§ The EARL of CLARENDON
said, that he had listened with the utmost attention to the speech of his noble Friend, and that he felt extremely glad that the subject with which it dealt had been brought before their Lordships with so much moderation, and which certainly contrasted in a striking manner with the extreme irritation which the subject had excited in the State referred to. He believed his noble Friend had in that speech truly described the state of the law which now prevailed in the State of South Carolina. Since his noble Friend 141 had given notice of his Motion, he (the Earl of Clarendon) had looked over the correspondence to which it referred. That correspondence was very voluminous, since it extended over a period of 30 years, and exhibited not only the great difficulties which this country had to contend with in connexion with the subject to which it related, but also the very considerable difficulties by which that subject was in other respects surrounded. The principal difficulty which lay in the way of a satisfactory settlement of the question was the tenor of the treaty of commerce between this country and the United States. By that treaty the utmost freedom of commercial intercourse between the two countries had been stipulated for and guaranteed; but in addition to that stipulation there was a provision which had reference to the particular laws of the individual States. Under that proviso it was that South Carolina insisted upon the maintenance of the municipal law to which his noble Friend had alluded; and he (the Earl of Clarendon) had no hesitation in saying that the question had been referred to different gentlemen who had acted as the law advisers of the Crown, and that the opinion of those gentlemen was, that, however unjustifiable the present law might be, the Government of this country; had no right to demand its supercession under the treaty, nor to seek for compensation for the injuries which might be inflicted upon Her Majesty's subjects under its operation. Remonstrances, however, had been used upon the subject, and an appeal had been made to the Government of the United States, not only with respect to what Her Majesty's Ministers considered the unconstitutional character of the existing law, but also with regard to the spirit of the treaties which subsisted between the two countries. The views of Her Majesty's Government upon the subject were shared by the Government of the United States, and by many of the highest constitutional and legal authorities of that country; and upon one occasion a Judge of the Supreme Court in that country had pronounced the law unconstitutional and unjust. The same opinion had been given in this respect by the Attorney General of the United States; and a distinct representation had been made by the Federal Government to the Legislature of South Carolina of the unconstitutional and severe character of the law. That representation had been met, upon the part of the Legislature of South Carolina, by a 142 message so violent in its nature, and by a resolution so angry and defiant, that a stop had been put to the renewal of all interference in the matter upon the part of the United States Government. The British Minister at Washington had subsequently protested against the law being put into operation; but he had been told by the Foreign Secretary of the United States that if England insisted upon the abrogation of the law, the United States Government would have no other course left open to them, but to give notice determining the treaty itself. The British Consul in South Carolina had been instructed to bring an action for false imprisonment against the authorities in that State, in order to test the validity of the law; but the result of the efforts which he had made had seemed only to demonstrate that the more we exerted ourselves to get rid of that law, the more determined did the Legislature of South Carolina appear to be to maintain it. Great Britain, he might add, was not the only sufferer by this law of South Carolina, which applied equally to all the States of the Union; and he (the Earl of Clarendon) learned from a despatch which had been written by Sir Henry Bulwer in the year 1850, that the inhabitants of the State of Massachusetts had complained of the existence of the law in question, but that they had never been able to make the least way in redressing it. He felt that so far as the interference of this country was concerned, there was still less chance of bringing the matter to a satisfactory conclusion, because such interference upon the part of England with the internal affairs of another State, would naturally be looked upon with a jealous eye. He was quite willing to give the papers moved for; but he must, in doing so, express the hope that they would not lead to any irritating discussions, or to the treatment of the matter by the press in a tone of which some persons seemed to be apprehensive. The grievance was one which would not be remedied by discussions in this country. The proper mode of proceeding would be by remonstrances, by timely and discreet representations by our agents on the spot, and by manifesting our readiness to give such guarantees as should secure the State of South Carolina from any disturbance of its public and social tranquillity. By such means he still trusted that we should be able to obtain from South Carolina the same modification—abrogation he did not expect—of the law which had been con- 143 ceded by North Carolina and by Louisiana, without the least inconvenience to these States.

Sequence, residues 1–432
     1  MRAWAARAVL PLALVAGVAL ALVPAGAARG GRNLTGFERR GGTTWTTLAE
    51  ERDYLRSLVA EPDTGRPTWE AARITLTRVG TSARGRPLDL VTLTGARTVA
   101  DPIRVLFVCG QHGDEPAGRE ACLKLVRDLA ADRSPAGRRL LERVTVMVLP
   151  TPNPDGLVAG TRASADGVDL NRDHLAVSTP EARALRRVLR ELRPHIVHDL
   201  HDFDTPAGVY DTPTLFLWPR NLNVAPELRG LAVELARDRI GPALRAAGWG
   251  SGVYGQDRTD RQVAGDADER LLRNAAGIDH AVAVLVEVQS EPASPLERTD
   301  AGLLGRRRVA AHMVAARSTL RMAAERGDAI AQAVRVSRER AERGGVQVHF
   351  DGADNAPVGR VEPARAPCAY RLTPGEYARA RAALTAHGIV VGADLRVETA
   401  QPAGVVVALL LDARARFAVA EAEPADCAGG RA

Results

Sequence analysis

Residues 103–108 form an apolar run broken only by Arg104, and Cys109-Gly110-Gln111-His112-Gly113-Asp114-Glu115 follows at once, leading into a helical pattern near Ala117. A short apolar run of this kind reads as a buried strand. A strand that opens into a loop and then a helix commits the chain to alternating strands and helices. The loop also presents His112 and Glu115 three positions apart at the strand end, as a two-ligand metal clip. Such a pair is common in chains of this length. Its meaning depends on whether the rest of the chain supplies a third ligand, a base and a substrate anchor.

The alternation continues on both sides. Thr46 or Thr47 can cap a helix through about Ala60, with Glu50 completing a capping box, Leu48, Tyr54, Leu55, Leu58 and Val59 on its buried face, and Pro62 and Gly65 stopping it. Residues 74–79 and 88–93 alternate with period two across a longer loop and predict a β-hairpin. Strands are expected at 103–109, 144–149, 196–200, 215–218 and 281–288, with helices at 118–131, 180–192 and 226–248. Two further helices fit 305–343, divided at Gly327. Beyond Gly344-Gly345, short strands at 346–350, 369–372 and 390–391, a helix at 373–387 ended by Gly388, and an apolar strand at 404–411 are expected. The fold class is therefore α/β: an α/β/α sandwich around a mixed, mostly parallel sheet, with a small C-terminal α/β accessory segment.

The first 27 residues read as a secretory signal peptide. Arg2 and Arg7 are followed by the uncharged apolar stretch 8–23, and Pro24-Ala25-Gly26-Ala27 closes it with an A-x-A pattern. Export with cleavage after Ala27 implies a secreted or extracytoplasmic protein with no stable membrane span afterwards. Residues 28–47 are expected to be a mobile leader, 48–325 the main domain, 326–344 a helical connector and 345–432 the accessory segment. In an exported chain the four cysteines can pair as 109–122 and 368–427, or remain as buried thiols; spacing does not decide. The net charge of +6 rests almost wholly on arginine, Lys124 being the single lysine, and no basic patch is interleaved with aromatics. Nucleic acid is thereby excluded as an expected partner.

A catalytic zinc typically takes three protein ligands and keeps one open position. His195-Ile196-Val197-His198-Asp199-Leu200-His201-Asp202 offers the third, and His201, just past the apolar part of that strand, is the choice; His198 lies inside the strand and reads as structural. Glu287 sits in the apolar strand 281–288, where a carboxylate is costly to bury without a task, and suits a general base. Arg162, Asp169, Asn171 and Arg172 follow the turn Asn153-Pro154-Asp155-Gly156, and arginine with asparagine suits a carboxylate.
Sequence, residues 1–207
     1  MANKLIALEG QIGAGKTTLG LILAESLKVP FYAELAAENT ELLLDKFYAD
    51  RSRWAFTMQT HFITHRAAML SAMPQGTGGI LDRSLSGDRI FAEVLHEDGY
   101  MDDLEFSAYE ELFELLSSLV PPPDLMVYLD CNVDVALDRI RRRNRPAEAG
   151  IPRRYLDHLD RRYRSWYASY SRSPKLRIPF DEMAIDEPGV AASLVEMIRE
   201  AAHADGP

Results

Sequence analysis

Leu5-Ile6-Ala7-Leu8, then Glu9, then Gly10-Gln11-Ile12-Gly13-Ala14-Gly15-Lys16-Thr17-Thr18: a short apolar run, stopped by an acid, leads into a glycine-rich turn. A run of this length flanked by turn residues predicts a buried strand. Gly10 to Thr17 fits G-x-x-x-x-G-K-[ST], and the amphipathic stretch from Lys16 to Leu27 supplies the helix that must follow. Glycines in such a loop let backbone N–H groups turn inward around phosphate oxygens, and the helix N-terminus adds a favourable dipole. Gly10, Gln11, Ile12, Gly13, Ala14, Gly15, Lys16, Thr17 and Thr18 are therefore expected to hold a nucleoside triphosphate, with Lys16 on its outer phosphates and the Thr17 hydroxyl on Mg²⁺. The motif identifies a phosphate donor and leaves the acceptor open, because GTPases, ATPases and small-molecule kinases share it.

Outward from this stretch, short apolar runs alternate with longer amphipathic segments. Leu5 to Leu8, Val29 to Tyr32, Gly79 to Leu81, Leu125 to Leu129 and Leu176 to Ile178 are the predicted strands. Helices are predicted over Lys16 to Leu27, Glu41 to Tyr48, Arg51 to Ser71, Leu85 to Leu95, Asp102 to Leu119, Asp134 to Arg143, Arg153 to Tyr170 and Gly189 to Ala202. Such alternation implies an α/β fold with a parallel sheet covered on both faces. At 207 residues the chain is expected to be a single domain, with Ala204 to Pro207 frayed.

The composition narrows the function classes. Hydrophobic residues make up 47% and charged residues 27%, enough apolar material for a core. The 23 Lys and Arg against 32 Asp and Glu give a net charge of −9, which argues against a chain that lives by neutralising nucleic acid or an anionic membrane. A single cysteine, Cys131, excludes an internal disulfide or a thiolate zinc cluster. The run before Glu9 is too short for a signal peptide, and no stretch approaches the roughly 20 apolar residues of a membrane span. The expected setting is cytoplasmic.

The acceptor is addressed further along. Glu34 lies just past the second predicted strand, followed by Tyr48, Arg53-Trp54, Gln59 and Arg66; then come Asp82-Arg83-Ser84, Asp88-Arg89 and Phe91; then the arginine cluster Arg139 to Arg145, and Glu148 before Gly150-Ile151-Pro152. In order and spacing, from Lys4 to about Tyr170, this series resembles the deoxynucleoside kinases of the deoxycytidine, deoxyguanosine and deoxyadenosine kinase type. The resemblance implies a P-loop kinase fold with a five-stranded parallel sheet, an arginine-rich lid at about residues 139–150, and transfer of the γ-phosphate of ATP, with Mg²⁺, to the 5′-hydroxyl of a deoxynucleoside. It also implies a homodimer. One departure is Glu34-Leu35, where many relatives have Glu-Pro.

§ On Question, agreed to.
§ House adjourned to Thursday next.